Elder sign is based on a dice matching mechanic very similar to Yahtzee. One by one you will send your investigators on adventures around the museum where they will unravel the mysteries of the Cthulhu mythos by solving a number of dice matching tasks. The dice matching mechanic transfers rather well to a touch screen device; tap an icon to roll and drag dice to assign them to the various tasks or to discard. To help you in your adventures are various clues, items and spells which all have various effects such as replenishing health or sanity, re-rolling dice or adding more dice to your pool. If the investigator succeeds they are rewarded with these items and even the coveted Elder Signs needed to win the game. If they lose they will be wounded, loose a piece of their mind or worst of all, aid the coming of the Great Old One by adding to the doom counter. After all four investigators have had their turn the clock strikes midnight and doom counter slowly advances. I say slowly, at first you feel as if you have plenty of time. The doom counter seems to advance at a snail’s pace but once one of your investigators is six feet under and another is visiting a comfy padded cell you realise you don’t have enough time or resources to stop the end of the world.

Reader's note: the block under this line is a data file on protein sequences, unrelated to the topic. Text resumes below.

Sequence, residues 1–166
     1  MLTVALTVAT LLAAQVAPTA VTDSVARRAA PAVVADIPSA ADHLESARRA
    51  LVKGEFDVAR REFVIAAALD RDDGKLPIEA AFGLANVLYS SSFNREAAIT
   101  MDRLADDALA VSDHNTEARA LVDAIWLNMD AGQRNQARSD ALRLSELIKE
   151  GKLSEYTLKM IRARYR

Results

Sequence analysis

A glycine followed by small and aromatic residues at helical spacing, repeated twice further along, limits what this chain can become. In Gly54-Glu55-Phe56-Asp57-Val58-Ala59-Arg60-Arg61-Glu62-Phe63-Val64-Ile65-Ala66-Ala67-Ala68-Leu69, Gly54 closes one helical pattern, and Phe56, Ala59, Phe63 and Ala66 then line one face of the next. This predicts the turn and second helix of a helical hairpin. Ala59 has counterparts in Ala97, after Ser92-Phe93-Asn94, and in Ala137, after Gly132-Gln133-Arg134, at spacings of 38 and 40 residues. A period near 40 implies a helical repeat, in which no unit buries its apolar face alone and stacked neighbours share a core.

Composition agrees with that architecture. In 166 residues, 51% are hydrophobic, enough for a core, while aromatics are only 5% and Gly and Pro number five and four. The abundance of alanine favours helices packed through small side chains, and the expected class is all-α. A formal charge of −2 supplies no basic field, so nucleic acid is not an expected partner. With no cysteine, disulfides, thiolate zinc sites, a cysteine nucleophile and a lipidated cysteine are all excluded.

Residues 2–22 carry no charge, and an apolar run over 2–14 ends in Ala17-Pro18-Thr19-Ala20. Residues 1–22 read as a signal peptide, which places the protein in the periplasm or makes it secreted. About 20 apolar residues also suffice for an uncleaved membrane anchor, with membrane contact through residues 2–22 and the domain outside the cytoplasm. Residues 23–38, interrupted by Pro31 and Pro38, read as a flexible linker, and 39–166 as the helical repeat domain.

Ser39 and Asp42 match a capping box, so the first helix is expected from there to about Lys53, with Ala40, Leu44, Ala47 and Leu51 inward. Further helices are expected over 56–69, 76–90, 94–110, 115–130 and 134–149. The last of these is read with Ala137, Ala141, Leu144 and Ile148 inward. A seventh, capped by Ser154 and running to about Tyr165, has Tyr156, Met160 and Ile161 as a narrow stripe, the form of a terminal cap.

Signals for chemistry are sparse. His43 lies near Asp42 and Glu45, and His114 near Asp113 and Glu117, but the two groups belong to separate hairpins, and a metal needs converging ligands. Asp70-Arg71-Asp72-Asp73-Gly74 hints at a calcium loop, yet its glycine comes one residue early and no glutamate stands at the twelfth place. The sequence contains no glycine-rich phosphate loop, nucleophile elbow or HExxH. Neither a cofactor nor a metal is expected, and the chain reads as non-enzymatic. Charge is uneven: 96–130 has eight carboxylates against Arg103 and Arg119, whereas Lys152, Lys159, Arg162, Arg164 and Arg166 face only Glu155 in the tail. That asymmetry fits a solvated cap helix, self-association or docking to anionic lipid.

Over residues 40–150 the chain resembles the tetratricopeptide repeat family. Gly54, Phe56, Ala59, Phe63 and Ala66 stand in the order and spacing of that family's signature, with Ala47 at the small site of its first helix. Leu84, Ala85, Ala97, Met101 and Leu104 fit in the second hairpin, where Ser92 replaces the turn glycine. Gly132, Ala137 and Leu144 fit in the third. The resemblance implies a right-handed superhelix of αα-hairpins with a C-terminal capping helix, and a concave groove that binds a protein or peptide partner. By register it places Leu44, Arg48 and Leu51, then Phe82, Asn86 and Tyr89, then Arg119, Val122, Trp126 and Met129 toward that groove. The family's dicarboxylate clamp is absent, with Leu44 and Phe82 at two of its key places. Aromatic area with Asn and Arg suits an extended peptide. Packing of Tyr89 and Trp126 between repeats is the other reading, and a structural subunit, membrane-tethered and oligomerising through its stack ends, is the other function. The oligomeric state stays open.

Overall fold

Occasionally, just to ruin your day even further, a monster will appear, these get added to existing locations and defeating the monster becomes an additional task required to complete the adventure. Thankfully defeating monster, and completing adventures, rewards you with trophies which can be spent at the museum foyer to gain equipment or heal your wounded investigators. Trophies can also be used to by elder signs but this is an expensive way to do it. Elder Sign Omens provides a good spread of different investigators to take on their maddening quest. Each investigator not only has different levels of health and sanity but also has special abilities they can bring to the table. Having this variety also brings some longevity into the game. Selecting you investigators and using them to the best of their abilities is the key strategy to success in this game.